mjoy – free SMS – mobile 2.0 service of the week

mjoy logo

Gutentag! James from mjelly here with the first in a new series here at Mobile Zeitgeist.  Every week I’ll be covering a new mobile 2.0 site or application here at Germany’s no.1 mobile blog.  Mein Deutsche ist nicht sehr gut – so I’ll be writing auf English. To kick off the series I’ll be focusing on some of Germany’s hottest mobile startups.   This week it’s mjoy.com – a mobile site which has quickly established itself as one of the leading mobile internet services out there.

What is it?

mjoy.com is a mobile web portal developed by Venista which is based in Cologne Germany.  The main selling point is the ability to send free virtually anywhere in the world with no character limit.  Once you have joined mjoy you can send SMS via the mobile website and the user receiving the text will see that it has come from your phone number and be able to reply directly to you.  Messages can be terminated in over 180 countries (basically everywhere except one or two markets).  mjoy also allow users to send messages directly over the system for free and offers a threaded/ conversation-style view for these kind of exchanges.

They are already getting a lot of traction since their launch in late 2008:

– 124k users from 146 countries

– around 1000 new members joining the site per day

In addition to the free SMS capability mjoy offers a number of other features:

– an addresss book which can automatically sync with your phone contacts

– a search facility covering , and Youtube

– content services (e.g. ringtones, videos and so on)

– information services (e.g. weather)

Mjoy just signed a big deal with Fox Mobile to distribute content from Jamba have also recently developed a micro-blogging feature called Post-it! which offers twitter-style status updates.  They have also built a profile system (mcard) which is the start of building mjoy into a social network and portal.  Finally, mjoy are due to launch an API which will allow third party developers to build widgets and which can be embedded within the portal.

Why is it interesting?

Historically, mobile services have really struggled to build viral growth and often depend on heavy marketing spend in order to build traction.   However, mjoy is benefiting from powerful viral effects through the free SMS service as the message „Text for FREE with http://mjoy.com/m/desktop.htm;jsessionid=B85588BD03EF3FE79615736A15E5676C“ is attached to every SMS sent through the service. This changes the economics of its business completely as it has an extremely low user aquisition cost.  It costs mjoy a couple of euro cents per SMS but this is very cheap when you consider that a good proportion of users who receive an SMS will probably sign-up to the service.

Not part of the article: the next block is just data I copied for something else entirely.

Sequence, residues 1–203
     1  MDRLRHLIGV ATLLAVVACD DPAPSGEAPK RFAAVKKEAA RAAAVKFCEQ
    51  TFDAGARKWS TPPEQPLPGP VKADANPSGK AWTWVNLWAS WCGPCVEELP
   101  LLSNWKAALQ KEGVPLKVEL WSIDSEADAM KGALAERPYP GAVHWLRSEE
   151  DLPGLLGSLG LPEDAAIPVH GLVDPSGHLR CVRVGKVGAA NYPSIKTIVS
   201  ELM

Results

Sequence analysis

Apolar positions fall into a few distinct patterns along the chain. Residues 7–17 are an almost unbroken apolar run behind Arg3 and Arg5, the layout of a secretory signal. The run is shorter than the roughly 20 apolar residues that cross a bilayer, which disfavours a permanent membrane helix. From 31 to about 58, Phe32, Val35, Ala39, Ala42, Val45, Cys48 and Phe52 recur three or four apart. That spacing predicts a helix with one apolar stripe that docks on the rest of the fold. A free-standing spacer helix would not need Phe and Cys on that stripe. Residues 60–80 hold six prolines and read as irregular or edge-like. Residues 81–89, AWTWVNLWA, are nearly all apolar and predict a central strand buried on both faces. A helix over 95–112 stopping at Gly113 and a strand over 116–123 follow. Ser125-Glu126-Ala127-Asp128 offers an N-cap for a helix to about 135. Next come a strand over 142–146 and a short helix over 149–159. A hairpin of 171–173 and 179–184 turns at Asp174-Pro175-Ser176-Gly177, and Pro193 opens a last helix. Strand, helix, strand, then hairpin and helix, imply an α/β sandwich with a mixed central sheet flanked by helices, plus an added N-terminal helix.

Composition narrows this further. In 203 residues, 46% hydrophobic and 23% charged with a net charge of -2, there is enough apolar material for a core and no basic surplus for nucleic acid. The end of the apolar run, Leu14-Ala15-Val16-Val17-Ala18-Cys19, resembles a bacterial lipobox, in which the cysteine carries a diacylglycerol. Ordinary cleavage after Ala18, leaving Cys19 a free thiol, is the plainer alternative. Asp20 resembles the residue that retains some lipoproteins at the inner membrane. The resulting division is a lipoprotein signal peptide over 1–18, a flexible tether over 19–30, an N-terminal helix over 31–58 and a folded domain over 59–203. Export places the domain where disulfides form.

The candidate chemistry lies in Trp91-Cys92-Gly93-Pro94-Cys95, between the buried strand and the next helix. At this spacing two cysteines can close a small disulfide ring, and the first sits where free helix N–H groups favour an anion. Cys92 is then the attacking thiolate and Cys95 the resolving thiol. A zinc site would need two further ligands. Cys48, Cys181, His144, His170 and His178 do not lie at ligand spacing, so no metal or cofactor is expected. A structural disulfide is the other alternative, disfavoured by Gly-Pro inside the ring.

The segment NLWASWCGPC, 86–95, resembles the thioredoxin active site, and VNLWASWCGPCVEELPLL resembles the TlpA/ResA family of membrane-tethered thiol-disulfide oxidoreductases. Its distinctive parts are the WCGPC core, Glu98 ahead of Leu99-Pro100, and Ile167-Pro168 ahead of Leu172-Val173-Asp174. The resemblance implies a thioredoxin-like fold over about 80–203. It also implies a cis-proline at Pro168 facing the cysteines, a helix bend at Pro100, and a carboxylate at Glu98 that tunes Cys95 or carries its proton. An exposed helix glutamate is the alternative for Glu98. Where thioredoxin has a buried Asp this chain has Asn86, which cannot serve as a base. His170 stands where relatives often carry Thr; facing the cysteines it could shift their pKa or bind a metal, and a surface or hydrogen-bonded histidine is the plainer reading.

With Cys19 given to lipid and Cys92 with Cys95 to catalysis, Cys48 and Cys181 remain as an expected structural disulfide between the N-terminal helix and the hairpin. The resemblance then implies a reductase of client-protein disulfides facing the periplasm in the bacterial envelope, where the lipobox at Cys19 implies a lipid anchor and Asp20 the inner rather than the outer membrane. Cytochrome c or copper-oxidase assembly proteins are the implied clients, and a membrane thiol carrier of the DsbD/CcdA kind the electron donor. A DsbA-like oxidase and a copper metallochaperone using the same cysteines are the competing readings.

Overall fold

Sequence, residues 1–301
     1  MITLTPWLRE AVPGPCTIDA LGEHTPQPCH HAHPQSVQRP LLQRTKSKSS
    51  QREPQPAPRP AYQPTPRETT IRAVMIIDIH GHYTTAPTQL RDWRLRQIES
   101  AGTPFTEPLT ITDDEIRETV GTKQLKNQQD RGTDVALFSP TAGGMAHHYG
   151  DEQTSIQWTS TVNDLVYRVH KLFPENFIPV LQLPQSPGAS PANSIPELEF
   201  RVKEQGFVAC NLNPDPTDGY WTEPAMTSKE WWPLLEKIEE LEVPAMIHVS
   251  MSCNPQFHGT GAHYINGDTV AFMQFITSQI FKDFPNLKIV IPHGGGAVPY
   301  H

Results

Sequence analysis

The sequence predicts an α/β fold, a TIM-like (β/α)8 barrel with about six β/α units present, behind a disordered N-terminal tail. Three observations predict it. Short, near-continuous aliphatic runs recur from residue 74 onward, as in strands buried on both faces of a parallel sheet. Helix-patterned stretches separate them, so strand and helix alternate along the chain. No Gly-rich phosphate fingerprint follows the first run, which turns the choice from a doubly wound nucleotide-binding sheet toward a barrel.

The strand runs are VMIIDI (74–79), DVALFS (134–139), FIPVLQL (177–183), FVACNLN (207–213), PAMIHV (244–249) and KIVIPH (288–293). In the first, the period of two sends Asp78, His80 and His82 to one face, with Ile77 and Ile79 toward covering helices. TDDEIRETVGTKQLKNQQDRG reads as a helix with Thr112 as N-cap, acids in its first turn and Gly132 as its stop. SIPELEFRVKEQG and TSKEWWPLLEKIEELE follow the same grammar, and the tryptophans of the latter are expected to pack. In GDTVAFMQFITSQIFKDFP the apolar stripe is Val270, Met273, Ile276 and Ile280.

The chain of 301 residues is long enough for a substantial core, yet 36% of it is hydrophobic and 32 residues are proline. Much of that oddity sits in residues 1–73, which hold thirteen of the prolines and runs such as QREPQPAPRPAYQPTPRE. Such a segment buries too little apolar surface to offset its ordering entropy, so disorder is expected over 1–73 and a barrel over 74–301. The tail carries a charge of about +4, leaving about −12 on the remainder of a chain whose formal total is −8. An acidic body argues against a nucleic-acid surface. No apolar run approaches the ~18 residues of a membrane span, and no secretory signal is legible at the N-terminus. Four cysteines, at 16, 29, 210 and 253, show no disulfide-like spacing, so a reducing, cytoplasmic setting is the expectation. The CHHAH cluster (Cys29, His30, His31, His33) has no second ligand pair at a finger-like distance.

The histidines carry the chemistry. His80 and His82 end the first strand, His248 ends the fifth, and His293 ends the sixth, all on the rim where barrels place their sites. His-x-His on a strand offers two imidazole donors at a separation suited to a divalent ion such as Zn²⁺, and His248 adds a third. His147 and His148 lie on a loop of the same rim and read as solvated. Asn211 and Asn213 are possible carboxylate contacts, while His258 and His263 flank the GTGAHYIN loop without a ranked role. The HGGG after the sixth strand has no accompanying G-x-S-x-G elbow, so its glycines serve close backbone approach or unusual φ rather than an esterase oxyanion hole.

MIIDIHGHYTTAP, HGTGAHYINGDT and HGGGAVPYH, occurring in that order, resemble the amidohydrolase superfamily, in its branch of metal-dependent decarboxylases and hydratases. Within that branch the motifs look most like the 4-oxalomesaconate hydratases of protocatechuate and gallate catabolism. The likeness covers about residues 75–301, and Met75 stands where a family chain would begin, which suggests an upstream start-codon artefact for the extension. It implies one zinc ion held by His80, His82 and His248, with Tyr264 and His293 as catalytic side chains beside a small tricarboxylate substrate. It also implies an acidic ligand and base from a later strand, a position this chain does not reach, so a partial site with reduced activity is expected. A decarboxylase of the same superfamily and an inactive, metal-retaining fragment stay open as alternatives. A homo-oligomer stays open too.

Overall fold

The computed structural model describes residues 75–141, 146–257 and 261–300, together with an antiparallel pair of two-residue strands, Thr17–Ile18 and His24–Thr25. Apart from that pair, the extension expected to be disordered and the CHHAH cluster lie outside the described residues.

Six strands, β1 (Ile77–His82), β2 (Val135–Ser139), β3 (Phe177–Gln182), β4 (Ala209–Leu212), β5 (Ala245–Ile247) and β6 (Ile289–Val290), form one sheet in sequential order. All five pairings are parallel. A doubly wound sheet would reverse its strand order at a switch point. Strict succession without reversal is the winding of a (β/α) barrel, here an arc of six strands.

Germany has produced some of the biggest names in mobile, notably Jamba, but also some of the world’s most exciting mobile 2.0 plays such as itsmy.com and Peperonity.  mjoy could be the latest big success story to come out of the German market.  What they are doing is incredibly clever – building traction with the free SMS service and using this to expand into other areas such as content, entertainment and community services.

Signing deals with players like Fox shows that mjoy is becoming a major player in mobile services after just 6 months of operations.  With the forthcoming launch of the API mjoy is beginning to build something really exciting.  Keep an eye on these guys they are going to be big…

That’s it for this week, see you next time for another mobile 2.0 service of the week when we’ll be profiling another German mobile 2.0 success story.

You can get an mjoy login on mjelly which is a directory of mobile sites and other stuff at mjelly.com and m.mjelly.com

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4 Kommentare

  1. Hey Andreas – thanks for the comment – good point you raise – always need to be careful when giving away your phone number. I think people have to take responsibility for themselves though – if they choose to register up to them to check the terms and conditions.

  2. With such services there is always the question how much they can be trusted. Mjoy says that they disclose your phone number only to some ‚trusted‘ third parties. It would be great if mobile zeitgeist would make the reader aware of such privacy statements, when introducing new applications.

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